YORK SPRINGS, Pennsylvania (WPMT) — They sang 168 voices united.
But what many wouldn’t know, is that those 168 students weren’t actually singing together at all, let alone in the same room.
Bermudian Springs School District united its choirs grades 4-12th for one song brought together by technology as the district’s hybrid program challenged students to practice on their own and record their own verses.
Only making the performance more special, music teacher Matt Carlson composed the music specifically for the pandemic. The final product of his song was not heard until each students’ individual recording was spliced together as one jointed performance.
“It’s just such a wild time we’re all in and music is the way I process the world. It’s the way I express myself,” said Carlson, who teaches music at the high school and 4th grade choir, as he explained the motivation behind the music that he began to compose in June.
“I spent a lot of time on the lyrics because I really wanted to nail them,” he said. The last piece of the puzzle for Carlson was choosing the title of the song. He landed on one word: Begin.
“I didn’t know what the title was until I wrote the very last lyric,” he said. “I like this idea of what if instead of the pandemic being something that stops everything and shuts us all down, what if it’s a starting place? What if it’s a place where we can grow and become better? And, I really like the idea that this is just the beginning of who we’re going to be.”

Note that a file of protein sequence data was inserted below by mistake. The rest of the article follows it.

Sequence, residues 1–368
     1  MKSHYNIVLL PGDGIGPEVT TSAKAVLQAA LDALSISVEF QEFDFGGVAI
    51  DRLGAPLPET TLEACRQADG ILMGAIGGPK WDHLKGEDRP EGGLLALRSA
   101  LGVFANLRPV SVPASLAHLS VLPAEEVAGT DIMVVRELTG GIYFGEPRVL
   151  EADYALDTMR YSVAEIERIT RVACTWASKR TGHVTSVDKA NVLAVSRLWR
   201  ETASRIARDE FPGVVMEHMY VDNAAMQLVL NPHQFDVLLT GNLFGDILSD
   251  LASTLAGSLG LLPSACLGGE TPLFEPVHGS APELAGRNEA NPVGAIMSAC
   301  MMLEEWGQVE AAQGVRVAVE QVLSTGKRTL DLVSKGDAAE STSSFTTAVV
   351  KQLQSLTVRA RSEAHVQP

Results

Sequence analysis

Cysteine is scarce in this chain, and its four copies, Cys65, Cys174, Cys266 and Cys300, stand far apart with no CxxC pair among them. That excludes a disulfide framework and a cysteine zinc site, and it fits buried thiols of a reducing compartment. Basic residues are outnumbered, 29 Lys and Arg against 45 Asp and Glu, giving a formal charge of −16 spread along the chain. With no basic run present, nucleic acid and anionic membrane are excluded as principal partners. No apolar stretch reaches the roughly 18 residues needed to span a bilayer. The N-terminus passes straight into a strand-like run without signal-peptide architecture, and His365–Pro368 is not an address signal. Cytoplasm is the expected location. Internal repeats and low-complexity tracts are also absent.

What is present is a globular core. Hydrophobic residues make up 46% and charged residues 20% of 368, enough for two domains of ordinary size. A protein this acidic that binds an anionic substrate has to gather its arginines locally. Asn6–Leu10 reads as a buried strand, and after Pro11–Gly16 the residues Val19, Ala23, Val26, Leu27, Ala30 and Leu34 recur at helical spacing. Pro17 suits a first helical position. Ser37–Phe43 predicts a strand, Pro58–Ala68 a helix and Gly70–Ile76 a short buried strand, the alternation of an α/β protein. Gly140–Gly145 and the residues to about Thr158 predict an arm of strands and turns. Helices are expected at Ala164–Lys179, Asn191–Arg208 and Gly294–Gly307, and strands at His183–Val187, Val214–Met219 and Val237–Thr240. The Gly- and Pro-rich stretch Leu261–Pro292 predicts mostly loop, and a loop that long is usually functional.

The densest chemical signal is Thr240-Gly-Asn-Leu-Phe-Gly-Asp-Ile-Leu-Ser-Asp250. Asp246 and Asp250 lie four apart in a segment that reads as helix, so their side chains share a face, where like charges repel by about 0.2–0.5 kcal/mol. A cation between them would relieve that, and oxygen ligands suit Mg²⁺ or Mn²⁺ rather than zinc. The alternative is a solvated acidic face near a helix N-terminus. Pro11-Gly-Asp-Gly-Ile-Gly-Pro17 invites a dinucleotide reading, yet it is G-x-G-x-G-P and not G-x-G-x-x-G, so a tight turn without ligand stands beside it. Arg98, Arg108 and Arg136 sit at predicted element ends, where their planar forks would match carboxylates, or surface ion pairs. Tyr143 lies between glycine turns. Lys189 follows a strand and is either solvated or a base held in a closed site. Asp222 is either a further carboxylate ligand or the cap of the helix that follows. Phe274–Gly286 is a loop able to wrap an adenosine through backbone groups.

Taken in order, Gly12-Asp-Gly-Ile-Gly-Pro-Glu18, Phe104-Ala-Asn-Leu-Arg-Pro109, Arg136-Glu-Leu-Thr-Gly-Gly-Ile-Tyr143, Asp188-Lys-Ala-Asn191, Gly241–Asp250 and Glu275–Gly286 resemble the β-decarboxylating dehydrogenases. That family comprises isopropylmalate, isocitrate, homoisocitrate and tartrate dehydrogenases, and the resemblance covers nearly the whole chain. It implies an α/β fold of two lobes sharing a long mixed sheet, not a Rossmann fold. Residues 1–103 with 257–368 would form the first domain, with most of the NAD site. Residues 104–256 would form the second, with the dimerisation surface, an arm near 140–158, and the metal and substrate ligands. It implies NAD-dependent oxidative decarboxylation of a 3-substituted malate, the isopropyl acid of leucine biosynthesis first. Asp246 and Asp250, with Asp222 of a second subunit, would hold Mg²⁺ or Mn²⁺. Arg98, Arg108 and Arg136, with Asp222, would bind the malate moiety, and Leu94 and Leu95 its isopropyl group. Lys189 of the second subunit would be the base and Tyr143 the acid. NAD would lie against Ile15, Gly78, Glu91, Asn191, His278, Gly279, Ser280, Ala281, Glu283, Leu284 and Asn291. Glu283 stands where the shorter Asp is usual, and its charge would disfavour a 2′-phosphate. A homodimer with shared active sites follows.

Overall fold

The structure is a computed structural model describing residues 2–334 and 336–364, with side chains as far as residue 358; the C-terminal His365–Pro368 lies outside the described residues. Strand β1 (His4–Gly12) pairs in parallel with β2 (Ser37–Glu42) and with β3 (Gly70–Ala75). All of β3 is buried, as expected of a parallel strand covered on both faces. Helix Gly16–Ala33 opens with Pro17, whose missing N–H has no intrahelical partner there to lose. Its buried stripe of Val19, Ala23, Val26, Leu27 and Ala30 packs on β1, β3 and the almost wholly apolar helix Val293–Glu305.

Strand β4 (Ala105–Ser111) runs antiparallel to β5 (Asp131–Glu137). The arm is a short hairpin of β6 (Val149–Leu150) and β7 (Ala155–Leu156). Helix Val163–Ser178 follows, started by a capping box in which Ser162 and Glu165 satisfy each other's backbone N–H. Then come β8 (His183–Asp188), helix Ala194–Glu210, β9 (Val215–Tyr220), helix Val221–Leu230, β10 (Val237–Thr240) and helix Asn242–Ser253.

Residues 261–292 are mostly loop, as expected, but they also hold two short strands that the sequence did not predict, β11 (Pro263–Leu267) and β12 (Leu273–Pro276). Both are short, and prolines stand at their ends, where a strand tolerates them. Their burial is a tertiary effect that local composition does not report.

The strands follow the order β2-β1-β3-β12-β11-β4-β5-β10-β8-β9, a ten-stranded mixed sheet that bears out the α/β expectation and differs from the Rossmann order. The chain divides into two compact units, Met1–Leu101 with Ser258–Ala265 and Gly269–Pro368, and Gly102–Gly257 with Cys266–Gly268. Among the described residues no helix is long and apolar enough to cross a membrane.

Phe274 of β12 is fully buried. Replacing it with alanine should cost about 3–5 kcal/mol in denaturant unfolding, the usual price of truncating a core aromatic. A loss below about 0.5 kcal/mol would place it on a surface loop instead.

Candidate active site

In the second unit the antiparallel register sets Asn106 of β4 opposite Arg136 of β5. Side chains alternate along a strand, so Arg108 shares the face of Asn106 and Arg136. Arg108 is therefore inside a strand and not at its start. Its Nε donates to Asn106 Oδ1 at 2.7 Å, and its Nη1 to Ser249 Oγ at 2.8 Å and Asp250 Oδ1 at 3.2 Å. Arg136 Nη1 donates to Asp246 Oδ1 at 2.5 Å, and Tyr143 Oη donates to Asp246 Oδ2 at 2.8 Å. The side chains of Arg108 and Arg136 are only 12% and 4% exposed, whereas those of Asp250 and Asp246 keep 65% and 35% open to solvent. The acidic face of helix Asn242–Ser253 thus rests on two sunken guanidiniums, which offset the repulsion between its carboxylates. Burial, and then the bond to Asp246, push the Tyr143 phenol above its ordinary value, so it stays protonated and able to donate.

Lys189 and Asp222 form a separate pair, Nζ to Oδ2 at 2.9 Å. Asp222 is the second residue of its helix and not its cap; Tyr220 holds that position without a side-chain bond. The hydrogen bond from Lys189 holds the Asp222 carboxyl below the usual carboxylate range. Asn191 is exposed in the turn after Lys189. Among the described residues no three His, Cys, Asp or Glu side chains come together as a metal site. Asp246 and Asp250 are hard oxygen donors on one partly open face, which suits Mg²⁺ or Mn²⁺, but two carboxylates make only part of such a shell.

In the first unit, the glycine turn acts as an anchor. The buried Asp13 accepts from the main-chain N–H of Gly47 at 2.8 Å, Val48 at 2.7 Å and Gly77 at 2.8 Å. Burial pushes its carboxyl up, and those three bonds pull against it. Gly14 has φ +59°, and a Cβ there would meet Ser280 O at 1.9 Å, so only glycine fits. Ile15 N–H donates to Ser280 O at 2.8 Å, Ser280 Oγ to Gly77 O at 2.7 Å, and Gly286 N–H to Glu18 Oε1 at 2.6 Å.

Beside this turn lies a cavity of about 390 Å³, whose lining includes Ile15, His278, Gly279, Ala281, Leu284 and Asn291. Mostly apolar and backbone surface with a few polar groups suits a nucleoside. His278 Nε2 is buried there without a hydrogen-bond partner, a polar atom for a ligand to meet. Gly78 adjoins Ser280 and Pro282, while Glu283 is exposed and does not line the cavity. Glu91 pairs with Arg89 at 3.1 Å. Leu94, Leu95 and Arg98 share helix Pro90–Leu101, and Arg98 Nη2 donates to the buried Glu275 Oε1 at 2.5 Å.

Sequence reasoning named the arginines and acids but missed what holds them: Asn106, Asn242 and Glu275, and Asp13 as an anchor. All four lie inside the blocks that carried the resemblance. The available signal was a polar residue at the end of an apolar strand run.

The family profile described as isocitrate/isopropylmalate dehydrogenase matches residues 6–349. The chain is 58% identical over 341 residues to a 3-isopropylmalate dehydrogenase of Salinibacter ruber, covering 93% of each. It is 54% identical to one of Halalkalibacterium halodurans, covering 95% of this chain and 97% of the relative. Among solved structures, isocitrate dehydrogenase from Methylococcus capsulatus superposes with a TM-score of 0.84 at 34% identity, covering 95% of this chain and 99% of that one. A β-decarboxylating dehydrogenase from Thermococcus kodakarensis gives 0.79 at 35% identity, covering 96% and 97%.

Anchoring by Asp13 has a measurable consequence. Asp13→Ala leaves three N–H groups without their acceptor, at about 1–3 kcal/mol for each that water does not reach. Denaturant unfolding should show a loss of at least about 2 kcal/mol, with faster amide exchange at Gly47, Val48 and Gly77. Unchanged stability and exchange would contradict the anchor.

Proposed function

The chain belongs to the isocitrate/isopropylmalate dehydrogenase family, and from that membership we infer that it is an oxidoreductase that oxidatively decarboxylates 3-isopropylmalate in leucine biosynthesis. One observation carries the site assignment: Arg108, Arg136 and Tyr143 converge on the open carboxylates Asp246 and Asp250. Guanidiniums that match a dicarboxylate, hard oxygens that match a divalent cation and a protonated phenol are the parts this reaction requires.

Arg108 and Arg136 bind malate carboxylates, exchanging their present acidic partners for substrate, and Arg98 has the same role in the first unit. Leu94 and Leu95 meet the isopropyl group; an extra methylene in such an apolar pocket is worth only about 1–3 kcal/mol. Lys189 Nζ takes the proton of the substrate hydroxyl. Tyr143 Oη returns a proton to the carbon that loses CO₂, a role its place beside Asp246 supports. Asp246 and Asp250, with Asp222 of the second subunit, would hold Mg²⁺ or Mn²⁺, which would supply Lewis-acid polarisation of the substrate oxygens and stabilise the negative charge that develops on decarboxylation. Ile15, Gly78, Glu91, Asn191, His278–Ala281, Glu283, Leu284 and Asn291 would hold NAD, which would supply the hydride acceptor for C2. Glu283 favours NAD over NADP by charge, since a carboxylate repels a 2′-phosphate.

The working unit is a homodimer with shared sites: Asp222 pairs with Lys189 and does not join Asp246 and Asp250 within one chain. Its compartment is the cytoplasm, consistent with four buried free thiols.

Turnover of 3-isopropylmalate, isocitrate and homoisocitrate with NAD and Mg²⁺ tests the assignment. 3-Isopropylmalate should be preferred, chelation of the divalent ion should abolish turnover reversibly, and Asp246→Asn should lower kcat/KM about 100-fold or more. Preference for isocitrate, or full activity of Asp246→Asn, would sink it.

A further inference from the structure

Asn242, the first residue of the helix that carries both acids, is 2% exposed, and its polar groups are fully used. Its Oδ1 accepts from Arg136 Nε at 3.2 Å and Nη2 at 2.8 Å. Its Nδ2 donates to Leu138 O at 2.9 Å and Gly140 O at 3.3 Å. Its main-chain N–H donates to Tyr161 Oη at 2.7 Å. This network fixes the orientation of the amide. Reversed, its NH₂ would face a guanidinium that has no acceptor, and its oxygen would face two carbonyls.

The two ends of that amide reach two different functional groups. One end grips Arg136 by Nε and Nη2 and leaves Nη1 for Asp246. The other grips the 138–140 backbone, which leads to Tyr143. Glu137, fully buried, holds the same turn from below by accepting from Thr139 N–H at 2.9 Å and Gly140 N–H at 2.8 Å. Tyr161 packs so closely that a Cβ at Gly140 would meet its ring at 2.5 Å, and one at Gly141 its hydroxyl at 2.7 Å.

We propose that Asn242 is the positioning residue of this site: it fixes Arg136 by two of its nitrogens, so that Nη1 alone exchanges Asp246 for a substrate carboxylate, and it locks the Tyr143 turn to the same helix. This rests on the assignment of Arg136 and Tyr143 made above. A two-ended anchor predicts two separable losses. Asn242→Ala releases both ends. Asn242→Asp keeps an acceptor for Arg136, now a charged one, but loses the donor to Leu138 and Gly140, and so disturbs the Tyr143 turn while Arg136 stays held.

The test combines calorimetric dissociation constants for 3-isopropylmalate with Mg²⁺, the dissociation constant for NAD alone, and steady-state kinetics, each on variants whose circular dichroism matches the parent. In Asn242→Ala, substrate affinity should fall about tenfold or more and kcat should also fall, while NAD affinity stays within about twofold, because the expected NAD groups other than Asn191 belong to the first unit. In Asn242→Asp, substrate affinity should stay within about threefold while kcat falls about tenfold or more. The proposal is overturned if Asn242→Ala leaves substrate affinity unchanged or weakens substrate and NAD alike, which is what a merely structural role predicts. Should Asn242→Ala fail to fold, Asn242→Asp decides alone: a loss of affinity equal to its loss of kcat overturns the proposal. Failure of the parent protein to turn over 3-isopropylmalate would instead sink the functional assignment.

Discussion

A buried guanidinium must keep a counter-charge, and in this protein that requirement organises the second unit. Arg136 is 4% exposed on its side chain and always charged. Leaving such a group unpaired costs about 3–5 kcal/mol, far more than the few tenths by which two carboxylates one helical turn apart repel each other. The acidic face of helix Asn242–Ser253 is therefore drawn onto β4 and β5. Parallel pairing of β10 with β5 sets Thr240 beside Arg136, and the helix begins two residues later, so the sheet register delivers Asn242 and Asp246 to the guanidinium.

Carlson enlisted help from his fellow middle school music teacher, Sarah Throckmorton, to make the performance come to life.
“I was teaching everything in groups of about 4-6 kids at a time and rehearsing them that way,” Throckmorton said. “They recorded their parts by themselves into a practice track into our learning management system.”
Carlson credited the technology that Bermudian Springs School District provides for its students for giving him and Throckmorton the ability to combine the recordings into one song. He said in Bermudian Springs every student has access to an iPad in grades 5-12.
17-year-old Cheyenne Lehman and 13-year-old Myka Walker were just two students who participated in the virtual performance.
“I think that that’s really important. That, even if we’re socially-distanced and can’t be with each other personally… we still have these moments on Zoom and on social media where we can still be together and give each other a hand to hold,” said Lehman.
“My favorite lyric is we are stronger when we have each other,” said Walker, “because this was a really difficult time for all of us. And, it was a really really helpful thing for me to have my family behind me and my friends.”
Carlson is reaching out to other music teachers who may be interested in using his song ‘Begin’ to spur a similar message of hope across the region.
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